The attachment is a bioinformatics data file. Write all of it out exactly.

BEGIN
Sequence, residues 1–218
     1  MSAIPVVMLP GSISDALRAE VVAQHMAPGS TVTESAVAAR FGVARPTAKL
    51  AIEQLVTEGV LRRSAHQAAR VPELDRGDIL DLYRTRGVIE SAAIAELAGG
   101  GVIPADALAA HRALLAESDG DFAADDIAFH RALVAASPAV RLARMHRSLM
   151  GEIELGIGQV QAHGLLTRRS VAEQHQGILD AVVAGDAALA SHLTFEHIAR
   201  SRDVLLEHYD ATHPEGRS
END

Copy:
Sequence, residues 1–218
     1  MSAIPVVMLP GSISDALRAE VVAQHMAPGS TVTESAVAAR FGVARPTAKL
    51  AIEQLVTEGV LRRSAHQAAR VPELDRGDIL DLYRTRGVIE SAAIAELAGG
   101  GVIPADALAA HRALLAESDG DFAADDIAFH RALVAASPAV RLARMHRSLM
   151  GEIELGIGQV QAHGLLTRRS VAEQHQGILD AVVAGDAALA SHLTFEHIAR
   201  SRDVLLEHYD ATHPEGRS